Site Name www2root
Physical Path c:\inetpub\www2root
Host Name Leave this blank!

IIS Bindings 005

Click “OK”, and you will receive a warning to the effect that you are trying to bind two web sites to the same port.

IIS Bindings 006

For the time being, we will accept this warning.

IIS Bindings 008

You can immediately see that our new web site is not running, and it cannot be started without first stopping the default web site. So, we need some mechanism by which IIS can differentiate between the two sites, and allow them to exist in harmony. The way that we do this is by utilising the “Host Name” field within the binding settings. You will hopefully recall that we left this entry blank in the previous step.

IIS Bindings 009

Choose “Edit Bindings” for the “www2root” web site and set the host name field to something other than the host name of your server. For example, the hostname of my server is “8g7yf4j-2012r2”, so I have set the value of the field within the bindings to “8g7yf4j-www2”. Click “OK” and “Close” when you are done.

Site Name www2root
Physical Path c:\inetpub\www2root
Host Name 8g7yf4j-www2

If you got everything correct, you should now be able to start both Web Sites.

IIS Bindings 011

There is now just one more task to perform. If we are going to use the “http://8g7yf4j-www2” host name to connect to the new site, we need to add this information to our LOCAL DNS Server as an Alias “CNAME” record. I’m not going to describe how to do this in detail (as it is beyond the scope of the article), but the information I entered in the DNS settings is shown below.

IIS Bindings 012

Alias Name www2root
FQDM 8g7yf4j-www2.mydomain.co.uk
FQDN (Target) 8g7yf4j-2012r2.mydomain.co.uk

We should now be able to access both Web Sites from a Workstation Web Browser as follows:

IIS Bindings 002

IIS Bindings 013

You will most likely receive a “403: Access Forbidden” page when you try to load the new web site. This is purely because the web directory we created is empty, and so there is no content to display. If you wish, you can create a basic “index.html” file and place it within “c:\inetpub\www2root” to satisfy yourself that everything is working properly.

To summarise, if you wish to have multiple sites running within IIS, each site must have a unique binding (and appropriate CNAME entry within DNS).

SQL Server Browser Service and “Network Discovery”

Client Applications normally connect to the Default SQL Server Instance on TCP Port 1433. Additional Instances are normally allocated Dynamic TCP Port Numbers by the Server Operating System.

For the benefit of Clients, Microsoft SQL Server 2005 provides the “Browser Service” (UDP Port 1434) to advertise the Names and Port Numbers of each Instance of SQL currently installed.

When a Client requests access to a particular Instance, the Browser Service responds with the appropriate Port Number and the client uses this to establish a connection.

If the Client is a Remote Client, Windows Firewall (on the SQL Server) needs to be configured to allow inbound traffic to the ports used by:
[1] The SQL Browser Service (UDP 1434).
[2] The Default SQL Instance (TCP 1433).
[3] Additional Named Instances (Dynamic TCP Ports).

It is easy to see that in this scenario, it is impossible to pre-configure the Firewall for a Dynamic Port (since we do not know what the port number is going to be). Therefore, additional Instances should be allocated a “Fixed TCP Port Number” using the SQL Server Configuration Manager. In this way, the correct firewall Exceptions can be configured.

Choosing a Fixed Port
To view the current Dynamic Port of a particular Instance, use the “SQL Server Configuration Manager” (see below).

SQL Server 2005 Dynamic Ports 001

To turn this into a “Fixed Port”, remove the current value from the “TCP Dynamic Ports” field and place it into the “TCP Port” Field. Restart the SQL Service. It will now be a case of Configuring the SQL Server Firewall to pass traffic to the Fixed TCP Port (in this example Port “1266”).

SQL Server 2005 Dynamic Ports 002

SAGE 2010: Adding a Custom Menu Item

Each Sage 2010 User is associated with one or more “Roles”. Users with multiple roles can use “Switch Configuration” from the Sage 200 File Menu to choose the most appropriate one.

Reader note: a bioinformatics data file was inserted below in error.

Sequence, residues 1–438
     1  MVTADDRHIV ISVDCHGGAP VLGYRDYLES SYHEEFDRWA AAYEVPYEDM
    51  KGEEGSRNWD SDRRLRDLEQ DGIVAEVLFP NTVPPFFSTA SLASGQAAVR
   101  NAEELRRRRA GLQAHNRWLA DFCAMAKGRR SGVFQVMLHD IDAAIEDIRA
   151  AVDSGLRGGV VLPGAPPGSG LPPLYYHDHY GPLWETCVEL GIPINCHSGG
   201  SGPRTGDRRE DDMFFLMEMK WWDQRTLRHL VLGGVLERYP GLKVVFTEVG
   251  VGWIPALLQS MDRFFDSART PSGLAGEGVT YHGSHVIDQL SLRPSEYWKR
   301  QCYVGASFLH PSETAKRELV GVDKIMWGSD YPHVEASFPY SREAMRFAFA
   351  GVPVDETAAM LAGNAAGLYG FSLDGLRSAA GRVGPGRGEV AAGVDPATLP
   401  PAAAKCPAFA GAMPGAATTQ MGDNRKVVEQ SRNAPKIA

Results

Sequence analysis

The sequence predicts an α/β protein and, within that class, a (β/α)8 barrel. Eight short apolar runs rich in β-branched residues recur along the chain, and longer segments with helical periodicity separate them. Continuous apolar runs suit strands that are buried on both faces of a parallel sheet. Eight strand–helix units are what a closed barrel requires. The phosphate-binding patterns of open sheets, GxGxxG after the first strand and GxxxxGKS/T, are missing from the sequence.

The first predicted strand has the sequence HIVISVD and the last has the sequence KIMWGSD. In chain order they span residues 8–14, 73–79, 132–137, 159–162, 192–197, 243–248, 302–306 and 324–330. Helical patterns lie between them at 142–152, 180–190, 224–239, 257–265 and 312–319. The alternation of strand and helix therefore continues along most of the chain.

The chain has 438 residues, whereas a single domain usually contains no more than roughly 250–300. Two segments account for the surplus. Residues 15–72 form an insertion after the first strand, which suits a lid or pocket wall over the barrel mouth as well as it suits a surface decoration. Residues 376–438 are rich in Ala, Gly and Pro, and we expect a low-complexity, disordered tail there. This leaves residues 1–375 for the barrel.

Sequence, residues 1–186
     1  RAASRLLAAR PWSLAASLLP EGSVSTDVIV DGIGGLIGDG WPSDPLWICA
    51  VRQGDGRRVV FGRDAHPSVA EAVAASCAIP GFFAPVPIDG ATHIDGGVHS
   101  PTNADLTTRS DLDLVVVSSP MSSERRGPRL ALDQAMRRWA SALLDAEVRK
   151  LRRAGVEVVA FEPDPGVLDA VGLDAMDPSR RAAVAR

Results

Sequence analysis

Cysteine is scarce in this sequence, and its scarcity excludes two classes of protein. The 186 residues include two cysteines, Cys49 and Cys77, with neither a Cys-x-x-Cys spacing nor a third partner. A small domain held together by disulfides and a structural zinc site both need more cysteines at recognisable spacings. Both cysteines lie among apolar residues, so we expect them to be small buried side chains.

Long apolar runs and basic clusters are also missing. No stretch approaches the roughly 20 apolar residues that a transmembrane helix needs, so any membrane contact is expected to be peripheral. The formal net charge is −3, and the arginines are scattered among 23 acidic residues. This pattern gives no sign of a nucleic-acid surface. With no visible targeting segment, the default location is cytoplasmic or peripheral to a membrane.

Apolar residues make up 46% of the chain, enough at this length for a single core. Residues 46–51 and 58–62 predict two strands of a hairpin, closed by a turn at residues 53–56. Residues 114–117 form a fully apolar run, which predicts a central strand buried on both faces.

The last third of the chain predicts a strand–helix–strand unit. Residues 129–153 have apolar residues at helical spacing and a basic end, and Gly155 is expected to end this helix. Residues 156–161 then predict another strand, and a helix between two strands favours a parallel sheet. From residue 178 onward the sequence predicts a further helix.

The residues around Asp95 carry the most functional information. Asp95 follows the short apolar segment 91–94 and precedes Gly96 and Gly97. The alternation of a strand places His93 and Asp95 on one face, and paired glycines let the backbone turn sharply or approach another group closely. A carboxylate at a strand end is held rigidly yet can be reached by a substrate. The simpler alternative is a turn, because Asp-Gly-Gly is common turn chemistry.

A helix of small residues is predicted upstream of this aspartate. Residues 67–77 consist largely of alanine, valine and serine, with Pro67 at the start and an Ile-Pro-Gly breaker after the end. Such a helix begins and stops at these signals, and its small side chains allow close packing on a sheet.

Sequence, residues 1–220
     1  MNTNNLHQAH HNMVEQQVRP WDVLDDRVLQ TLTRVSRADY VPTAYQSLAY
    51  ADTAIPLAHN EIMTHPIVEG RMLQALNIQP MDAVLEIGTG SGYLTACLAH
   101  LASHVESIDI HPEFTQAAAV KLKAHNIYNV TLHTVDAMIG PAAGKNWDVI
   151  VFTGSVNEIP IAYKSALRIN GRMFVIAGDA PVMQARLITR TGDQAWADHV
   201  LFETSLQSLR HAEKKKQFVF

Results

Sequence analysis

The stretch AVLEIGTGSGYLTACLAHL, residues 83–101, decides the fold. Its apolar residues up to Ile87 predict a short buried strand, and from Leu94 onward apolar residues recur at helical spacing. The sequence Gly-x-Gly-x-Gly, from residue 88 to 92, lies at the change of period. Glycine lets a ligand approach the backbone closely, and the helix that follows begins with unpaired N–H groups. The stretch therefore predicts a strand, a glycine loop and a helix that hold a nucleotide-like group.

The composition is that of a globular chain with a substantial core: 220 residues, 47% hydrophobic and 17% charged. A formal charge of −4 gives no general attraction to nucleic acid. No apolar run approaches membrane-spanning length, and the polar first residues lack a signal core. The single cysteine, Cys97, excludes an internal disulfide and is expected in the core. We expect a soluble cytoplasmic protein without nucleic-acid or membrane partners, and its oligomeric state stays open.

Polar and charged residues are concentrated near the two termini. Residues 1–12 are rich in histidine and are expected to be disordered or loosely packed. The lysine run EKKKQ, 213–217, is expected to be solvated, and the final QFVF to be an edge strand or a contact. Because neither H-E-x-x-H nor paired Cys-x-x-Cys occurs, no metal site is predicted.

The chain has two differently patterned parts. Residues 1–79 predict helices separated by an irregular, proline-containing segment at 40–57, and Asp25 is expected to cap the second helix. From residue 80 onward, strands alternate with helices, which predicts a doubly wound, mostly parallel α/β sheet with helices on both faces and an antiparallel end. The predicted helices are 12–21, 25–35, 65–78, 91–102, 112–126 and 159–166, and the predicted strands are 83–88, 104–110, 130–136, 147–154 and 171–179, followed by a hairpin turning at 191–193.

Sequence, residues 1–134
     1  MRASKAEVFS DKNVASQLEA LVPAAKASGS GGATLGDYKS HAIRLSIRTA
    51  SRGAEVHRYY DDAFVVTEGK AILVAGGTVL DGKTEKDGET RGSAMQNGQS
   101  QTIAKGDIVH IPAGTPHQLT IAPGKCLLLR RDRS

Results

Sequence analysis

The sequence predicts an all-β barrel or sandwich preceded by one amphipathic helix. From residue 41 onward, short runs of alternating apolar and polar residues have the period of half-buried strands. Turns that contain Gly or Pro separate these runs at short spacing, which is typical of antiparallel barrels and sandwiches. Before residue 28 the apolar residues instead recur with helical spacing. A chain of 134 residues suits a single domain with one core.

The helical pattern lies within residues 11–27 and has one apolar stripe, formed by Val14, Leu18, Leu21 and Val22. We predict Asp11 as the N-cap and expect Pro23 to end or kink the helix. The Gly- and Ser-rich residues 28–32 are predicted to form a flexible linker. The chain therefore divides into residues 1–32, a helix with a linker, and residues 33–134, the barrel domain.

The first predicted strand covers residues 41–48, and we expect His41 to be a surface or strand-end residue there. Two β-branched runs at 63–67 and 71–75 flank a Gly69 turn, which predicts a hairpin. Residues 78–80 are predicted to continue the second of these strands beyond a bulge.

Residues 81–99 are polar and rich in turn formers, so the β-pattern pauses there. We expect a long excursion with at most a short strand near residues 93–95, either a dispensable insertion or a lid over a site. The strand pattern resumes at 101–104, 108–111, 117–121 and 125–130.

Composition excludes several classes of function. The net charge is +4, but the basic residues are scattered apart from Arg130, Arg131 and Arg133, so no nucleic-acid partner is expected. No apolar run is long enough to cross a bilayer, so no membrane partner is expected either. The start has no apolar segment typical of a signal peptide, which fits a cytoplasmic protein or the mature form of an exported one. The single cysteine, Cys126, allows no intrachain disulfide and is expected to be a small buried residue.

It is the “Role” (set within Sage System Administration) that determines the Menu Items they are presented with.


In Order to add a New Menu Item to a particular Menu, we need to complete the following Steps:

  1. Add a New Feature / Target (set within Sage System Administration)
  2. Authorise the New Feature for the Role (set within Sage System Administration)
  3. Add a New Menu Item and Link to Target (using Sage Menu Designer)

In this example, we are adding a “Sales Orders (Live)” report to “Construct” Role within Sales Order Processing.

Step 1: Add a New Feature
Features apply to the system as a whole. Start up Sage System Administrator: Sage Tools => Sage 200 => System Administrator.


Find a suitable place within the features structure and choose “Add Menu Item” from the Context Menu. In this case, we are adding a new “Feature” to “Sales Order Processing”.


For consistency, populate the “Name” field with the name of chosen Menu Item. Leave the default GUID.


Click OK.

Still within “Features”, locate the newly added Item and add a new “Target” as shown below.

Note:

  • A “Target” is simply a shortcut to a Report / Program that can appear as a Menu Item (within any Menu).
  • A Feature can contain multiple “Targets”.


Fill in the details using the screen shot below as a guide. Leave the “Target GUID” field alone.


Step 2: Authorise the New Feature within the Menu
Start up Sage System Administrator (if you have not already done so): Sage Tools => Sage 200 => System Administrator.


From within “Roles”, select the appropriate “Role Name” (that matches the Menu) and then select “Features”.


Locate the new Menu Item within the Tree and ensure that “Sales Orders (Live)” is checked.


Click OK.

Step 3: Add a New Menu Item
In this final Step, we will actually create the Menu Item and link it to the “Target” created above.

Start up Sage 200 / MMS using a valid Username and Password (must be an Administrator) and select “Menu Design Mode” from the Tools Menu.


Select the Appropriate Menu (Desktop) using the Desktop Design Toolbox. Since we are adding a new item to the “Construct” menu, we need to choose “Construct” from the list.


Find a suitable place in the menu structure, then “Right Click” with the mouse and choose “Add Menu Item”


Use the example below as a guide to completing the fields.


Choose “Existing Target” and then “Select Target”.


Locate the newly added Feature and then Click “Select.


Leave the default Icon alone. Click “Save”.


To move the new Menu Item further up the Menu Tree, select “Move Up” on the context Menu.


Save the Menu Changes when complete.


Close the Menu Designer and return to Sage 2010.

That’s basically it. All users using the “Construct” menu should now have a new report to play with.

Stephen Holder
28 August 2015